“I wish to pass, and I do not wish to harm either or you when I do so.  Also, I have some advice from one soldier to another.  That little pigsticker would do little more than anger me if you were to actually swing it at me.  Try something a little more substantial, like that stave over there.”

“Hold!” The guard shouted.  Then, lowering his voice, he added; “I will summon our senior officer.  We may avoid confrontation a little longer if it pleases you.”  He was very nervous, but still keeping his head about him Jarron noticed.

“Certainly.  Far be it from me to interfere with standard procedure.” Jarron smiled at the man and even hung his sword back at his side.  He stroked Shadowbanes neck as he watched the guards step back to their posts and ring a large bell three times successively.

Three times.  Jarron laughed out loud and pointed at the guards.  “I remember the signal for trouble at the gates, you know.  I suppose I should kill you now before the other twenty five soldiers appear to subdue me.”

Both soldiers’ faces blanched considerably.  They looked at each other and again assumed their ridiculous combat stance.  Jaeron spoke again, however.  “Calm yourselves.  I will wait until your squad arrives, perhaps there will be someone with a little sense among them.”  With a little smile, he added, “Of course, if there isn’t, I may decide to end the both of you first.”

Jarron dismounted, drawing his sword once again.  He had not really considered the difficulties of getting back into his own city. Why do they think I died in that last battle? I did not exactly make it public knowledge that I had pledged my services to Yathramar in exchange for their aid, but still, dead?

Within minutes the gates opened from within and twenty five soldiers burst through, armed and ready.  Jarron spotted a captain at their front, an older soldier sporting three braided gold marks upon his breast.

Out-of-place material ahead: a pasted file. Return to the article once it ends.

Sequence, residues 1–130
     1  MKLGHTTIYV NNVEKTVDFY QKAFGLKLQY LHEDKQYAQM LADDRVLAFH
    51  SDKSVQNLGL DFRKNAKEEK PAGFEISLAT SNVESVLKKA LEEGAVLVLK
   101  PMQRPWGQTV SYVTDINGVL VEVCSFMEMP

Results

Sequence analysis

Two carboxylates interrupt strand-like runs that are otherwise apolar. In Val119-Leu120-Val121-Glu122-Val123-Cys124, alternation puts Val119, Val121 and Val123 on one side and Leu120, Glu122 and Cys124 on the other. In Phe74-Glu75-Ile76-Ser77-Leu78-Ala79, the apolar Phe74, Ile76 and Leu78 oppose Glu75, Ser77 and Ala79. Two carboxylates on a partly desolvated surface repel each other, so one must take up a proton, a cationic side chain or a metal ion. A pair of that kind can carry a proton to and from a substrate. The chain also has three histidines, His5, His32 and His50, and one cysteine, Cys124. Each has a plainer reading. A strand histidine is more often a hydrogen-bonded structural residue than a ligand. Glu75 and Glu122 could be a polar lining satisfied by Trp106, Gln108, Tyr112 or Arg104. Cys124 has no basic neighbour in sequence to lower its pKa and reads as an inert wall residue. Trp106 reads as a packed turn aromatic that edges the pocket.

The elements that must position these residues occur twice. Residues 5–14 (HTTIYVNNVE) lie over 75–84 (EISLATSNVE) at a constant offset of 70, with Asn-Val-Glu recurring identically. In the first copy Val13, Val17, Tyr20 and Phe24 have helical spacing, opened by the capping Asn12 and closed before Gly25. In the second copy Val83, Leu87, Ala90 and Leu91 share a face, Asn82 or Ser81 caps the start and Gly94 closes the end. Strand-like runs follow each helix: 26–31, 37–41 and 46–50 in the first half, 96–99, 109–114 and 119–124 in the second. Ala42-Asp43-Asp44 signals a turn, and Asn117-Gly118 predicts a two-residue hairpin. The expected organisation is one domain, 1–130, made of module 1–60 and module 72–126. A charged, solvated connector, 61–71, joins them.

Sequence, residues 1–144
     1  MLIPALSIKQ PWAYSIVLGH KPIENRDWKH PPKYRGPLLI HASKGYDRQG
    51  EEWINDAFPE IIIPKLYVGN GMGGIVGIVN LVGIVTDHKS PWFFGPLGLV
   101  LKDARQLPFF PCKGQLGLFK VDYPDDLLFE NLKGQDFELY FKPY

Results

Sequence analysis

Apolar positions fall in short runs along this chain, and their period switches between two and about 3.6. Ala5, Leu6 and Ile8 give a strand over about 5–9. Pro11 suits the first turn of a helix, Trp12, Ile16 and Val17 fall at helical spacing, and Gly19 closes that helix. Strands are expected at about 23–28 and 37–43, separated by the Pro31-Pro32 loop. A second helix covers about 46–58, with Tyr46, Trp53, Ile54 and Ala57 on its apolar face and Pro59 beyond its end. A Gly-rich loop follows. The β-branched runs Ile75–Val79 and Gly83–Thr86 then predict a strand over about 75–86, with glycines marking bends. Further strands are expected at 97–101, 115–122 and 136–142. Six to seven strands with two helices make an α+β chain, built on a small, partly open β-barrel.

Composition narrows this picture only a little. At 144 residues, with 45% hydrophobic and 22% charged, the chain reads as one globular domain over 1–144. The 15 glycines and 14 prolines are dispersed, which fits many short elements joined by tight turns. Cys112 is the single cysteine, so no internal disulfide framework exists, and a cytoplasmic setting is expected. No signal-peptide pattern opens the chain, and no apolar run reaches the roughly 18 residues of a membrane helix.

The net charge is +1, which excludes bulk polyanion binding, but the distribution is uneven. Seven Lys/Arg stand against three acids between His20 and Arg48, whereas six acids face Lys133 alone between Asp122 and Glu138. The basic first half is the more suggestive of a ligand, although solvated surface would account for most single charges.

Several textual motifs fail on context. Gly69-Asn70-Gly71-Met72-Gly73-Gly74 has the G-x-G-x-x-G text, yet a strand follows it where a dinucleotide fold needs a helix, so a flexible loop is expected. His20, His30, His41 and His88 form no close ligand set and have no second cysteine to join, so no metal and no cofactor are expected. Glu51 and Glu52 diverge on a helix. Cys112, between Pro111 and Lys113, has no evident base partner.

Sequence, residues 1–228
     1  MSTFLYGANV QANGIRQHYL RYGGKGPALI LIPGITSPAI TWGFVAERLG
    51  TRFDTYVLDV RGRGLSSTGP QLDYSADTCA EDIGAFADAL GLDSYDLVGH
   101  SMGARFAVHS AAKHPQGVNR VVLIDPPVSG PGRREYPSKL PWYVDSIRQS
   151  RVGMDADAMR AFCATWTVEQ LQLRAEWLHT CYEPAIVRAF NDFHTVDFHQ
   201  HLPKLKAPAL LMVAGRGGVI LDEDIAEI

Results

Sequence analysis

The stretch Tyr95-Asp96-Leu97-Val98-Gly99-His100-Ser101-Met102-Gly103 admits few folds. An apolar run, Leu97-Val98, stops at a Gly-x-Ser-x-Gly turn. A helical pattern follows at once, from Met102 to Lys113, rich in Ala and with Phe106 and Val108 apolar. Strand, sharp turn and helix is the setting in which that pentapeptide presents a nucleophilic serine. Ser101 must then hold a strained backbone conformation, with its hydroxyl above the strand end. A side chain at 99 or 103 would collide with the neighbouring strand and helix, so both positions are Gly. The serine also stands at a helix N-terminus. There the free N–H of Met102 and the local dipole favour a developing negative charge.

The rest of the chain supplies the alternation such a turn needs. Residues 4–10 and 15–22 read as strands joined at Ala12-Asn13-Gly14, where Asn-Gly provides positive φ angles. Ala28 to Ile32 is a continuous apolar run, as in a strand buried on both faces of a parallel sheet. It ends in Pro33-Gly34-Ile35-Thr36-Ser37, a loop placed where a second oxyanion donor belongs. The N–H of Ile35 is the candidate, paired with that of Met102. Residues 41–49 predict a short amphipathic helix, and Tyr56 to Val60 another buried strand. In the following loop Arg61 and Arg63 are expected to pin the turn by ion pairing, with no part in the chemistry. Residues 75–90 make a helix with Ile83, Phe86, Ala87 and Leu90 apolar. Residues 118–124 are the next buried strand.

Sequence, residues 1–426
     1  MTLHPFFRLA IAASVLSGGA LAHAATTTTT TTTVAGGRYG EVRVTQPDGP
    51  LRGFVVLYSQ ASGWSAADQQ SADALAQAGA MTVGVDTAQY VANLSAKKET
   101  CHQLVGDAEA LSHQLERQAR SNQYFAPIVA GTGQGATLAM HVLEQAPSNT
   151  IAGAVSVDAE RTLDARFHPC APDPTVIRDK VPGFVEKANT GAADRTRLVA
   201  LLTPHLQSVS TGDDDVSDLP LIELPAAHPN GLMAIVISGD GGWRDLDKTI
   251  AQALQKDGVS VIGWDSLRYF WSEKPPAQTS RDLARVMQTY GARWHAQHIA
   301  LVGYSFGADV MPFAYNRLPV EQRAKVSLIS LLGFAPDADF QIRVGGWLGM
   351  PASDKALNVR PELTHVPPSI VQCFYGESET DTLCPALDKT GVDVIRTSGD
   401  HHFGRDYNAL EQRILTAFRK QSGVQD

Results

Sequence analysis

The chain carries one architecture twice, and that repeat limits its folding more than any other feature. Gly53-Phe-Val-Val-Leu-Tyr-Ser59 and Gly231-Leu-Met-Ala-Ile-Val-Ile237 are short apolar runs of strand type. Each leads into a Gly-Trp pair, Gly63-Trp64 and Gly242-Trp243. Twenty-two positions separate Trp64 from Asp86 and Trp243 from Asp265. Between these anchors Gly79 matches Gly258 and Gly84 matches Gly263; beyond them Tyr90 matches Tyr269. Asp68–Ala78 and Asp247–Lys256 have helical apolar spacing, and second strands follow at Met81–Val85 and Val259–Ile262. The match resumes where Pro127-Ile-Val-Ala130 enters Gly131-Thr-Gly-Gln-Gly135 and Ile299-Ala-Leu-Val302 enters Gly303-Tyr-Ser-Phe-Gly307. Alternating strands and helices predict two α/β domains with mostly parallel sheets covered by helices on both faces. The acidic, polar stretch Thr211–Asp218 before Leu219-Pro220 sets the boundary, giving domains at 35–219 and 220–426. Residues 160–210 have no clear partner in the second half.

“Hail and well met, Captain of the Guard.  I am Jarron Steelspine, here to return to my city and speak to the king.”

His words were met again with silence, as the dumbfounded captain looked at him quizzically.  The man’s eyes locked onto the sword in the warrior’s hand, and then studied his face for a long moment.

“Cauthin, Althorn! Front!”  He snapped.  The two soldiers who had first encountered Jarron whipped to attention in front of the captain.  He whispered something harshly and dismissed both of the men.

“My apologies, Sir Steelspine.  My young cadets were only doing what they thought was right, although misinformed it may have been.  I was young when you left us, but I will remember that sword until the day I die.”  He bowed in apology, and then beckoned at his soldiers to re-open the gates.  “Of course you may proceed into the city, would you like an escort to the castle?”

“I am flattered, Captain-?”

“Hanson, sir.”

“Captain Hanson.  I am sure that I can find my own way, and I may decide to make a few other stops on my way.”

“As you wish,” Hanson replied.  As a remounted Jarron began to ride past him and into the city, he asked in a pained voice, “If you do not mind my asking, why were you gone from us so long?”

“I had to hold up my end of a deal, Janson.”  Jarron saluted the man and rode on past, a bit puzzled.  The captain seemed relieved to see him, not just happy.  The warrior decided he would make a few rounds of the city before heading to the castle to see his old friend Aramathras, the king of Kennaret.

The End